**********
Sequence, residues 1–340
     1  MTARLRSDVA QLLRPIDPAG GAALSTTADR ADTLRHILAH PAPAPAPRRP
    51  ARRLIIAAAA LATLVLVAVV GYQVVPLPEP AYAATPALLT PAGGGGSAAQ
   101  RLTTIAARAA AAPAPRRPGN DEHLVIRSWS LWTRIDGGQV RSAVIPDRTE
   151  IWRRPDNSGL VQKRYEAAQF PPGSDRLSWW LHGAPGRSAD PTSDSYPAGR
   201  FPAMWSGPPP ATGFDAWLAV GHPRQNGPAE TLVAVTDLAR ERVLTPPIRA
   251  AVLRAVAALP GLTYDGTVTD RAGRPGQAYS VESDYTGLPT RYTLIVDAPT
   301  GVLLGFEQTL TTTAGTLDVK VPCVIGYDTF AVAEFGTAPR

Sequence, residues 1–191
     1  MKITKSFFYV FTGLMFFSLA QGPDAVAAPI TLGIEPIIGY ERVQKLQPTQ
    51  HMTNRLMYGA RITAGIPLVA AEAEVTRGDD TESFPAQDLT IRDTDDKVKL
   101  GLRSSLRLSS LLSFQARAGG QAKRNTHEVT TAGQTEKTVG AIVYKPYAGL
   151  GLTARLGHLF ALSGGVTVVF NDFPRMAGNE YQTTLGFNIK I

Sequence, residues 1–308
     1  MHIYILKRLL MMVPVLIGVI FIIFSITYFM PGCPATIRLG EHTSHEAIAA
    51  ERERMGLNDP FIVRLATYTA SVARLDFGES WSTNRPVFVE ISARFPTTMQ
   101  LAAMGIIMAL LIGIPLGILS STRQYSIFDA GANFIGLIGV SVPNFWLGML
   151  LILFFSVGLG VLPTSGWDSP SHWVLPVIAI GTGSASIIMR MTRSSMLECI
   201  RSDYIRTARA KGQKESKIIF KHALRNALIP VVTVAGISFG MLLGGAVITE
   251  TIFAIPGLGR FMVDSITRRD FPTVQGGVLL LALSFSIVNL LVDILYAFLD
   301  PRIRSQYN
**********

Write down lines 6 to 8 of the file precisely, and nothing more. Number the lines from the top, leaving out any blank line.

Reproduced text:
   201  FPAMWSGPPP ATGFDAWLAV GHPRQNGPAE TLVAVTDLAR ERVLTPPIRA
   251  AVLRAVAALP GLTYDGTVTD RAGRPGQAYS VESDYTGLPT RYTLIVDAPT
   301  GVLLGFEQTL TTTAGTLDVK VPCVIGYDTF AVAEFGTAPR